Tài liệu Phased array antenna

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Phased Array Antenna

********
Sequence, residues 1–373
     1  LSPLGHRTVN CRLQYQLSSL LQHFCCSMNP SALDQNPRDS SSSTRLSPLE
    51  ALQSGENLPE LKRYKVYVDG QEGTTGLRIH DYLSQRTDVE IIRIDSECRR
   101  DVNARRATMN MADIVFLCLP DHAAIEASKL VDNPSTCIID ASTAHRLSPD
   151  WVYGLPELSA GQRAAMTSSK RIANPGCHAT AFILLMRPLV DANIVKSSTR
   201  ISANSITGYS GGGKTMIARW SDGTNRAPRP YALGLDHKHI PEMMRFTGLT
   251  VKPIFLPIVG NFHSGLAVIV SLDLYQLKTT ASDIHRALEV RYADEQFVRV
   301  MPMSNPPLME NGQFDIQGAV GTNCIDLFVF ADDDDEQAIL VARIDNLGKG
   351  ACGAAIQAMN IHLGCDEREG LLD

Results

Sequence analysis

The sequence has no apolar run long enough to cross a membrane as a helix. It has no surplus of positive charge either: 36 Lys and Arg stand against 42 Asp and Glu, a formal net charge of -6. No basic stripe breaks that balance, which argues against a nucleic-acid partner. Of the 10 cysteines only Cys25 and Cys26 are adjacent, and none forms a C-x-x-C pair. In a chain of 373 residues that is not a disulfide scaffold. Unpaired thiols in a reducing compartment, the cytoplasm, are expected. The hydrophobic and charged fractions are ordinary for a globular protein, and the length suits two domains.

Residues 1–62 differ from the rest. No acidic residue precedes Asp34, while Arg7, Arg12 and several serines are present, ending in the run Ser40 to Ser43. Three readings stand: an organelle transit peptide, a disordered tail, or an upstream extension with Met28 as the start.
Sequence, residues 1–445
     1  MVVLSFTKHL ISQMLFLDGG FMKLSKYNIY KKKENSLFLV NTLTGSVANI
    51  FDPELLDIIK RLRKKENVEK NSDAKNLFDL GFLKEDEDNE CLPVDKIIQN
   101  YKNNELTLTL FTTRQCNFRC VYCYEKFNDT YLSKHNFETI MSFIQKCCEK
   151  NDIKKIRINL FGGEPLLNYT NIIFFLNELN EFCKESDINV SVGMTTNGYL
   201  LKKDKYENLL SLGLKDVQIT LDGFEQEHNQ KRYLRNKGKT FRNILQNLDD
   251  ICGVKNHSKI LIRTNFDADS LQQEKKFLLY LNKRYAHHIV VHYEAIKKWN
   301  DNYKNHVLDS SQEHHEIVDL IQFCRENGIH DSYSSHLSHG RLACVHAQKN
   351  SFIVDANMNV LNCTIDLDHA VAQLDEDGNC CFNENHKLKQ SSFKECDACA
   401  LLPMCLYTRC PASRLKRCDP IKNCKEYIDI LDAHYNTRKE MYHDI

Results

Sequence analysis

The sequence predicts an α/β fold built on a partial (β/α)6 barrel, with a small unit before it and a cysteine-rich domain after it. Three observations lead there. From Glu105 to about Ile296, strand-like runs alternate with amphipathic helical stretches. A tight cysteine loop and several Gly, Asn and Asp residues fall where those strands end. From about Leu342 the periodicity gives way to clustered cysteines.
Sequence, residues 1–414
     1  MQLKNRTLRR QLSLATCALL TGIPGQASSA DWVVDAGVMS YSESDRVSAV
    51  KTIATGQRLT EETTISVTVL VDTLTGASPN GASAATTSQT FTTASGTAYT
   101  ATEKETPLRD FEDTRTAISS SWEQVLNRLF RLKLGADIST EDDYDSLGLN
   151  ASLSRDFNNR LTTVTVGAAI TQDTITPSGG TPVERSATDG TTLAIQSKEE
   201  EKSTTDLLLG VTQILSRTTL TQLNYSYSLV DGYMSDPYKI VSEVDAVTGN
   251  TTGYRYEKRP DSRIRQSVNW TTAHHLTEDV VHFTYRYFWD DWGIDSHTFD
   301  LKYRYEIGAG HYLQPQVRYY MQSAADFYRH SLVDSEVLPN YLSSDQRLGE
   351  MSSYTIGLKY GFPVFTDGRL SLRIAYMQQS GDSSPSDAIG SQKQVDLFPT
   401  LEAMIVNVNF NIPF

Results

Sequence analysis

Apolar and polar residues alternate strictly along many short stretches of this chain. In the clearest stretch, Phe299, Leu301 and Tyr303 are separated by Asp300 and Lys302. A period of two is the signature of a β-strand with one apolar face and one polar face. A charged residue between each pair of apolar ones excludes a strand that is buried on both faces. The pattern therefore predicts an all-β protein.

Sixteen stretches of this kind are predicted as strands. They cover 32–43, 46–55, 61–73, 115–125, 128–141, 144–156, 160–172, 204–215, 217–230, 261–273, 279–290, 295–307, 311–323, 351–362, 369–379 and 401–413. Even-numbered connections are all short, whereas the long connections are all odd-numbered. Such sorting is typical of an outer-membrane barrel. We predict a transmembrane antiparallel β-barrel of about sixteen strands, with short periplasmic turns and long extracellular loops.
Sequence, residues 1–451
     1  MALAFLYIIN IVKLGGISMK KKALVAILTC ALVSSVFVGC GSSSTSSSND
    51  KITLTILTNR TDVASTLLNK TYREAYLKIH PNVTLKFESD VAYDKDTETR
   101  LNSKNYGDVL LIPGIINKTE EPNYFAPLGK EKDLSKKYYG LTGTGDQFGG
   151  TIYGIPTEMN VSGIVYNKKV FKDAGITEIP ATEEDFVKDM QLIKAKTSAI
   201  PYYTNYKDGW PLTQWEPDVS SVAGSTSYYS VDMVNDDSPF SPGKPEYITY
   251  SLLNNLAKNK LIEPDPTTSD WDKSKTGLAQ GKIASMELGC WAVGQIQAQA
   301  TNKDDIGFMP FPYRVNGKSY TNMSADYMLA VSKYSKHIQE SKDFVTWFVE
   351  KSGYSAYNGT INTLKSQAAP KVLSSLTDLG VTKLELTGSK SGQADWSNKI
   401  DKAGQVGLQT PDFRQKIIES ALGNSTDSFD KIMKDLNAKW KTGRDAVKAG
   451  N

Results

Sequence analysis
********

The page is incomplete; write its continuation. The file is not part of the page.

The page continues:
Phased Array Antenna Handbook Second Edition For a listing of recent titles in the Artech House Antennas and Propagation Library, turn to the back of this book. Phased Array Antenna Handbook Second Edition Robert J. Mailloux Library of Congress Cataloging-in-Publication Data Mailloux, Robert J. Phased array antenna handbook / Robert J. Mailloux.—2nd ed. p. cm.—(Artech House antennas and propagation library) Includes bibliographical references and index. ISBN 1-58053-689-1 (alk. paper) 1. Phased array antennas. I. Title. II. Series. TK6590.A6M35 2005 621.382’4—dc22 2005041996 British Library Cataloguing in Publication Data Mailloux, Robert J. Phased array antenna handbook.—2nd ed.—(Artech House antennas and propagation library) 1. Phased array antennas I. Title 621.3’824 ISBN 1-58053-689-1 Cover design by Leslie Genser  2005 ARTECH HOUSE, INC. 685 Canton Street Norwood, MA 02062 All rights reserved. Printed and bound in the United States of America. No part of this book may be reproduced or utilized in any form or by any means, electronic or mechanical, including photocopying, recording, or by any information storage and retrieval system, without permission in writing from the publisher. All terms mentioned in this book that are known to be trademarks or service marks have been appropriately capitalized. Artech House cannot attest to the accuracy of this information. Use of a term in this book should not be regarded as affecting the validity of any trademark or service mark. International Standard Book Number: 1-58053-689-1 10 9 8 7 6 5 4 3 2 1 To my love Marlene, and to my daughters Patrice, Julie, and Denise, each uniquely different, but each wonderful. I so love you all. Contents Preface to the Second Edition xi Preface to the First Edition xiii Acknowledgments xv CHAPTER 1 Phased Arrays in Radar and Communication Systems 1 1.1 Introduction 1.1.1 System Requirements for Radar and Communication Antennas 1.2 Array Characterization for Radar and Communication Systems 1.2.1 Fundamental Results from Array Theory 1.2.2 Array Size Determination 1.2.3 Time-Delay Compensation 1.3 Array Architecture and Control Technology 1.3.1 Array Aperture 1.3.2 Feed Architectures 1.3.3 Beamforming Modalities and Relevant Architectures 1.3.4 RF Components for Array Control References 1 1 12 12 34 43 44 44 47 53 55 59 CHAPTER 2 Pattern Characteristics of Linear and Planar Arrays 63 2.1 Array Analysis 2.1.1 The Radiation Integrals 2.1.2 Element Pattern Effects, Mutual Coupling, Gain Computed from Element Patterns 2.2 Characteristics of Linear and Planar Arrays 2.2.1 Linear Array Characteristics 2.2.2 Planar Array Characteristics 2.3 Scanning to Endfire 2.4 Thinned Arrays 2.4.1 Average Patterns of Density-Tapered Arrays 2.4.2 Probabilistic Studies of Thinned Arrays 2.4.3 Thinned Arrays with Quantized Amplitude Distributions References 63 63 68 75 75 84 89 92 93 96 99 107 vii viii Contents CHAPTER 3 Pattern Synthesis for Linear and Planar Arrays 3.1 Linear Arrays and Planar Arrays with Separable Distributions 3.1.1 Fourier Transform Method 3.1.2 Schelkunov’s (Schelkunoff’s) Form 3.1.3 Woodward Synthesis 3.1.4 Dolph-Chebyshev Synthesis 3.1.5 Taylor Line Source Synthesis 3.1.6 Modified sin ␲ z/␲ z Patterns 3.1.7 Bayliss Line Source Difference Patterns 3.1.8 Synthesis Methods Based on Taylor Patterns: Elliott’s Modified Taylor Patterns and the Iterative Method of Elliott 3.1.9 Discretization of Continuous Aperture Illuminations by Root Matching and Iteration 3.1.10 Synthesis of Patterns with Complex Roots and Power Pattern Synthesis 3.2 Circular Planar Arrays 3.2.1 Taylor Circular Array Synthesis 3.2.2 Bayliss Difference Patterns for Circular Arrays 3.3 Methods of Pattern Optimization/Adaptive Arrays 3.3.1 Pattern Optimization 3.3.2 Adaptive Arrays 3.3.3 Generalized S/N Optimization for Sidelobe Cancelers, Phased and Multiple-Beam Arrays 3.3.4 Operation as Sidelobe Canceler 3.3.5 Fully Adaptive Phased or Multiple-Beam Arrays 3.3.6 Wideband Adaptive Control 3.4 Generalized Patterns Using Covariance Matrix Inversion 3.5 Pattern Synthesis Using Measured Element Patterns References 109 109 109 111 113 116 121 128 130 133 139 141 153 153 155 157 157 159 162 165 168 170 175 176 180 CHAPTER 4 Patterns of Nonplanar Arrays 185 4.1 Introduction 4.1.1 Methods of Analysis for General Conformal Arrays 4.2 Patterns of Circular and Cylindrical Arrays 4.2.1 Phase Mode Excitation of Circular Arrays 4.2.2 Patterns and Elevation Scan 4.2.3 Circular and Cylindrical Arrays of Directional Elements 4.2.4 Sector Arrays on Conducting Cylinders 4.3 Spherical and Hemispherical Arrays 4.4 Truncated Conical Arrays References 185 186 187 190 194 194 197 220 221 221 Contents CHAPTER 5 Elements for Phased Arrays 5.1 Array Elements 5.2 Polarization Characteristics of Infinitesimal Elements in Free Space 5.3 Electric Current (Wire) Antenna Elements 5.3.1 Effective Radius of Wire Structures with Noncircular Cross Section 5.3.2 The Dipole and the Monopole 5.3.3 Special Feeds for Dipoles and Monopoles 5.3.4 Dipoles Fed Off-Center 5.3.5 The Sleeve Dipole and Monopole 5.3.6 The Bowtie and Other Wideband Dipoles 5.3.7 The Folded Dipole 5.3.8 Microstrip Dipoles 5.3.9 Other Wire Antenna Structures 5.3.10 Broadband Flared-Notch, Vivaldi, and Cavity-Backed Antennas 5.4 Aperture Antenna Elements 5.4.1 Slot Elements 5.4.2 Waveguide Radiators 5.4.3 Ridged Waveguide Elements 5.4.4 Horn Elements 5.5 Microstrip Patch Elements 5.5.1 Microstrip Patch 5.5.2 The Balanced Fed Radiator of Collings 5.6 Elements for Alternative Transmission Lines 5.7 Elements and Row (Column) Arrays for One-Dimensional Scan 5.7.1 Waveguide Slot Array Line Source Elements 5.7.2 Printed Circuit Series-Fed Arrays 5.8 Elements and Polarizers for Polarization Diversity References CHAPTER 6 Summary of Element Pattern and Mutual Impedance Effects 6.1 Mutual Impedance Effects 6.2 Integral Equation Formulation for Radiation and Coupling in Finite and Infinite Arrays 6.2.1 Formulation and Results for Finite Arrays 6.2.2 Formulation and Results for Infinite Arrays 6.3 Array Blindness and Surface Waves 6.4 Impedance and Element Patterns in Well-Behaved Infinite Scanning Arrays 6.5 Semi-Infinite and Finite Arrays 6.6 Impedance Matching for Wide Angle and Wideband Radiation 6.6.1 Reduced Element Spacing 6.6.2 Dielectric WAIM Sheets 6.7 Mutual Coupling Phenomena for Nonplanar Surfaces ix 225 225 225 227 228 228 234 238 238 241 241 246 247 248 251 252 254 256 257 258 258 268 269 269 272 275 277 282 291 291 293 293 297 306 319 327 329 331 333 335 x Contents 6.8 Small Arrays and Waveguide Simulators for the Evaluation of Phased Array Scan Behavior 339 6.8.1 Several Useful Simulators 344 References 346 CHAPTER 7 Array Error Effects 7.1 Introduction 7.2 Effects of Random Amplitude and Phase Errors in Periodic Arrays 7.2.1 Average Pattern Characteristics 7.2.2 Directivity 7.2.3 Beam Pointing Error 7.2.4 Peak Sidelobes 7.3 Sidelobe Levels Due to Periodic Phase, Amplitude, and Time-Delay Quantization 7.3.1 Characteristics of an Array of Uniformly Illuminated Contiguous Subarrays 7.3.2 Phase Quantization in a Uniformly Illuminated Array 7.3.3 Reduction of Sidelobes Due to Phase Quantization 7.3.4 Subarrays with Quantized Amplitude Taper 7.3.5 Time Delay at the Subarray Ports 7.3.6 Discrete Phase or Time-Delayed Subarrays with Quantized Subarray Amplitudes References 353 353 353 354 358 358 359 362 364 365 371 374 375 375 377 CHAPTER 8 Special Array Feeds for Limited Field-of-View and Wideband Arrays 8.1 Multiple-Beam Systems 8.1.1 Beam Crossover Loss 8.1.2 Orthogonality Loss and the Stein Limit 8.1.3 Multiple-Beam Matrices and Optical Beamformers 8.2 Antenna Techniques for Limited Field-of-View Systems 8.2.1 Minimum Number of Controls 8.2.2 Periodic and Aperiodic Arrays for Limited Field of View 8.2.3 Constrained Network for Completely Overlapped Subarrays 8.2.4 Reflectors and Lenses with Array Feeds 8.2.5 Practical Design of a Dual-Transform System 8.3 Wideband Scanning Systems 8.3.1 Broadband Arrays with Time-Delayed Offset Beams 8.3.2 Contiguous Time-Delayed Subarrays for Wideband Systems 8.3.3 Overlapped Time-Delayed Subarrays for Wideband Systems References 379 379 381 384 392 399 400 402 421 429 452 455 456 456 459 467 List of Symbols 473 About the Author 477 Index 479 Preface to the Second Edition The second edition follows the same basic format as the first, but it is updated to improve clarity in some cases or to present material in a manner more useful for engineering use, but mostly to reflect the advances in technology that have taken place since the first edition’s publication in 1994. The goal of the text is the same: to present the subject of arrays with the broad coverage of a ‘‘handbook’’ for engineering use, but to include enough details so that the interested reader can reproduce many of the more important results and benefit from the insights that the mathematics provide. Equation (1.49) of Chapter 1 expresses the array far field as the product of an element pattern and the time delayed array factor. This equation does not represent any practical array and in fact the interesting aspects of array technology are precisely those that are not included in this equation. The equation does not even hint at the constraints that have been the real drivers of array technology since the beginning. Array technology has progressed primarily because of limitations imposed by practical engineering; by the cost, size, weight, manufacturability, and the electromagnetic issues of polarization, sidelobe and gain requirements, the limitations of phase, and amplitude control and reliability. These have driven the whole technology to invention and progress. In the 11 years since the first publication of this book, these stimuli have led to much more extensive use of printed antennas, conformal arrays, solid-state T/R modules, time-delay devices, optical and digital beamforming, and a variety of new and more powerful methods of computation and synthesis. This edition includes a number of new features and a large number of added modern references. Sections on components and devices for array control and on overall control choices have been added to Chapter 1 in order to highlight the technologies involved in array architecture and to explain the design limitations imposed by these components. This chapter also includes a revised section on array noise calculation. Pattern synthesis has also progressed significantly throughout the past 11 years since the first edition was published, but mostly through the use of numerical optimization techniques like neural network synthesis, genetic algorithms, and synthetic annealing. Although not able to devote the space for complete discussions of these techniques, I did include enough detail to allow the practical use of the alternating projection method because of its ready adaptability to array synthesis and the ease of handling various constraints. Additional synthesis topics included are the formation of troughs in array patterns by modifying the array covariance matrix and a discussion and added references on array failure xi xii Preface to the Second Edition correction. Material and references have also been added to describe new elements for arrays including microstrip, stripline, and wideband flared notch elements. Chapter 8 has had significant changes and inclusion of new material, most importantly to emphasize the new work of Skobelev and colleagues, who have made a significant contribution to antennas that have a limited field of view. I have included some new work on subarrays for including time delay for widerband arrays, including partially overlapped sections of overlapped subarrays and some data on subarrays of irregular shapes. Preface to the First Edition Any pile of tin with a transmission line exciting it may be called an antenna. It is evident on physical grounds that such a pile of tin does not make a good antenna, and it is worthwhile to search for some distinguishing characteristics that can be used to differentiate between an ordinary pile of tin and one that makes a good antenna. This fascinating quote, discovered by my friend Phil Blacksmith, is taken out of context from Volume 8 of the MIT Radiation Laboratory series The Principles of Microwave Circuits (C. G. Montgomery et al., editors, McGraw-Hill, 1948). It is a fitting introduction to a text that attempts to address today’s advanced state of antenna array engineering. The present and future of antenna technology are concerned with a degree of pattern control that goes well beyond the simple choice of one or another pile of tin. Present antenna arrays are a union of antenna technology and control technology; and they combine the radiation from thousands of antennas to form precise patterns with beam peak directions that can be controlled electronically, with very low sidelobe levels, and pattern nulls that are moved to suppress radiation from unwanted directions. Antenna technology remains interesting because it is dynamic. The past years have seen the technology progress from frequency-scanned and electronically steered arrays for scanning in one plane to the precise two-dimensional control using digital systems that can include mutual interactions between elements. Adaptive control has been used to move antenna pattern nulls to suppress interfering signals. Even the basic elements and transmission lines have changed, with a variety of microstrip, stripline, and other radiators replacing the traditional dipoles or slots fed by coaxial line or waveguides. Finally, the state of development in two fields—devices and automation—has brought us to an era in which phased arrays will be produced automatically, not assembled piece by piece, as has been the standard to date. This revolution in fabrication and device integration will dictate entirely new array architectures that emphasize monolithic fabrication with basic new elements and the use of a variety of planar monolithic transmission media. Using digital processing or analog devices, future arrays will finally have the time-delay capability to make wideband performance possible. They will, in many cases, have reconfigurable apertures to resonate at a number of frequencies or allow the whole array surface to be restructured to form several arrays performing separate functions. Finally, they will need to be reliable and to fail gracefully, so they may incorporate sensing devices to measure the state of performance across the aperture and redundant circuitry to reprogram around failed devices, elements, or subarrays. xiii xiv Preface to the First Edition Although it contains some introductory material, this book is intended to provide a collection of design data for radar and communication system designers and array designers. Often the details of a derivation are omitted, except where they are necessary to fundamental understanding. This is particularly true in the sections on synthesis, where the subject matter is well developed in other texts. In addition, the book only briefly addresses the details of electromagnetic analysis, although that topic is the heart of antenna research. That subject is left as worthy of more detail than can be given in such a broad text as this. Chapter 1, ‘‘Phased Arrays for Radar and Communication Systems,’’ is written from the perspective of one who wishes to use an array in a system. The chapter emphasizes array selection and highlights those parameters that determine the fundamental measurable properties of arrays: gain, beamwidth, bandwidth, size, polarization, and grating lobe radiation. The chapter includes some information to aid in the trade-off between so-called ‘‘active’’ arrays, with amplifiers at each element, and ‘‘passive’’ arrays, with a single power source. There are discussions of the limitations in array performance due to phase versus time-delay control, transmission feed-line losses, and tolerance effects. Finally, there are discussions of special techniques for reducing the number of controls in arrays that scan over a limited spatial sector and methods for introducing time delay to produce broadband performance in an array antenna. The abbreviated structure of this introductory, ‘‘system-level’’ chapter necessitated frequent references to subsequent chapters that contain more detailed treatment of array design. Chapter 2 and all the other chapters in the book are written to address the needs of antenna designers. Chapter 2, ‘‘Pattern Characteristics and Synthesis of Linear and Planar Arrays,’’ includes the fundamental definitions of the radiation integrals and describes many of the important issues of array design. Element pattern effects and mutal coupling are treated in a qualitative way in this chapter but in more detail in Chapter 6. The primary topics of this chapter are the characteristics of antenna patterns and their directivity. The chapter also addresses several special types of arrays, including those scanned to endfire and thinned arrays. Chapter 3 is a brief treatment of array synthesis, and it lists basic formulas and references on a wide variety of techniques for producing low sidelobe or shaped antenna patterns. The chapter includes a discussion of pattern optimization techniques, such as those for adaptive array antennas. Chapter 4 treats arrays on nonplanar surfaces, and Chapter 5 describes the variety of array elements, relevant transmission lines, and array architectures. Chapters 6 and 7 treat several factors that limit the performance of array antennas. Chapter 6 shows some of the effects of mutual coupling between array elements. This interaction modifies the active array element patterns and can cause significant impedance change with scan. This complex subject is treated with the aid of two appendices. Chapter 7 describes pattern distortion due to random phase and amplitude errors at the array elements and to phase and amplitude quantization across the array. Chapter 8, the final chapter, summarizes techniques for three kinds of specialpurpose arrays: multiple-beam systems, arrays for limited sector scan, and arrays with wideband time-delay feeds. A vast technology has developed to satisfy these special needs while minimizing cost, and this technology has produced affordable high-gain electronic scanning systems using scanning arrays in conjunction with microwave quasioptical systems or advanced subarray techniques. Acknowledgments In completing this second edition I am again reminded of the powerful stimulation that led to the first book and indeed to my enthusiasm for this field of research. Some of these are my early mentors R. W. P. King and T. T. Wu of Harvard and Carl Sletten and two deceased colleagues, Phillipp Blacksmith and Hans Zucker of the Air Force Cambridge Research Laboratory, one who had a view of the practical and one who had a view of the infinite. I thank my Air Force colleagues Allan Schell, Jay Schindler, Peter Franchi, Hans Steyskal, Jeff Herd, John McIlvenna, Boris Tomasic, and Ed Cohen of Arcon. Of particular help by their contributions to the second edition were Hans Steyskal, Jeff Herd, Harvey Schuman, and Marat Davidovitz. I am grateful to Livio Poles and David Curtis for their vision of the important new areas for this technology and their energy to build an excellent program within the Air Force Research Laboratory, and to Arje Nachman and the Air Force Office of Scientific Research for the support of the more fundamental aspects of the antenna research. Once again I am especially grateful to my wife Marlene for her support and for again tolerating the clutter of reference books and notes that follows me wherever I go, and to my daughters Patrice, Julie, and Denise for their love and encouragement. xv CHAPTER 1 Phased Arrays in Radar and Communication Systems 1.1 Introduction Phased array antennas consist of multiple stationary antenna elements, which are fed coherently and use variable phase or time-delay control at each element to scan a beam to given angles in space. Variable amplitude control is sometimes also provided for pattern shaping. Arrays are sometimes used in place of fixed aperture antennas (reflectors, lenses), because the multiplicity of elements allows more precise control of the radiation pattern, thus resulting in lower sidelobes or careful pattern shaping. However, the primary reason for using arrays is to produce a directive beam that can be repositioned (scanned) electronically. Although arrays with fixed (stationary) beams and multiple stationary beams will be discussed in this text, the primary emphasis will be on those arrays that are scanned electronically. The radar or communication system designer sees the array antenna as a component (with measurable input and output) and a set of specifications. The array designer sees the details of the array and the physical and electrical limitations imposed by the radar or communications system, and within those constraints seeks to optimize the design. This chapter is written from the perspective of, and for, the system designer. The remainder of the text discusses array design issues. 1.1.1 System Requirements for Radar and Communication Antennas In accordance with the principle of power conservation, the radiated power density in watts/square meter at a distance R from a transmitter with an omnidirectional antenna is given by S= 1 Prad 4␲ R 2 (1.1) where Prad is the total radiated power (watts), and the power density S is shown here as scalar. Directive Properties of Arrays Figure 1.1 shows an array of aperture antennas and indicates the coordinate system used throughout the text. If the antenna has a directional pattern with power 1 2 Phased Arrays in Radar and Communication Systems Figure 1.1 Array and coordinate systems. density S(␪ , ␾ ), then the antenna pattern directivity D (␪ , ␾ ) is defined so that the power density in a specified polarization at some distant spherical surface a distance R 0 from the origin is: P D (␪ , ␾ ) S(␪ , ␾ ) = rad 4␲ R 2 (1.2) so that D (␪ , ␾ ) = 4␲ R 2S(␪ , ␾ ) Prad (1.3) or D (␪ , ␾ ) = 4␲ S(␪ , ␾ ) 冕 (1.4) S(␪ , ␾ ) d⍀ ⍀ where the last integral is over the solid angle that includes all of the radiation. In the most general case it is 冕 ⍀ 2␲ S(␪ , ␾ ) d⍀ = ␲ 冕 冕 d␾ 0 d␪ S(␪ , ␾ ) sin ␪ (1.5) 0 The expression above (1.4) is the definition of directivity and implies that the power density used is the total in both polarizations (i.e., the desired or copolarization, and the orthogonal or crossed polarization ). 1.1 Introduction 3 If there is no direction (␪ , ␾ ) specified, then the directivity implied is the maximum directivity, denoted D 0: D 0 = max [D (␪ , ␾ )] (1.6) which is a meaningful parameter primarily for antennas with narrow beamwidths (pencil beam antennas). Directivity is the most fundamental quality of the antenna pattern, because it is derived from only the pattern shape. The radiated power is less than the input power Pin by an efficiency factor ⑀ L , which accounts for circuit losses, and by the reflected signal power Prad = ⑀ L Pin (1 − | ⌫ |2 ) (1.7) where ⌫ is the antenna reflection coefficient measured at the feed transmission line; thus, it is appropriate to define array parameters that relate to measurable parameters at the input transmission line. The IEEE standard definition of antenna gain does not include reflection loss; rather, it defines the antenna gain G(␪ , ␾ ) as the directivity for each polarization reduced by the efficiency factor ⑀ L . This definition is primarily useful for single, nonscanned antennas that have a well-defined reflection coefficient at any frequency. In that situation, the gain describes an antenna that is matched (⌫ = 0). The input impedance of an array changes with scan; thus, it is more appropriate to define a parameter that Lee calls realized gain [1], which includes both the reflection and dissipative losses, and for which I’ll use the symbol G R (␪ , ␾ ). It will be shown later that this realized gain relates to a measurable property of an array that is of sufficient fundamental nature to justify not using the IEEE standard. The power density in the far field can thus be written in terms of a gain function G(␪ , ␾ ), with S(␪ , ␾ ) = 1 Pin R G (␪ , ␾ ) 4␲ R 2 (1.8) where G R (␪ , ␾ ) = ⑀ L (1 − | ⌫ | 2 ) D(␪ , ␾ ) (1.9) Again, the peak value of the gain distribution is called the gain G 0 . R GR 0 = max [G (␪ , ␾ )] (1.10) In practice, the maximum directivity of a planar aperture is achieved for uniform amplitude and phase illumination of the aperture (except for the special case of superdirectivity) [2] and is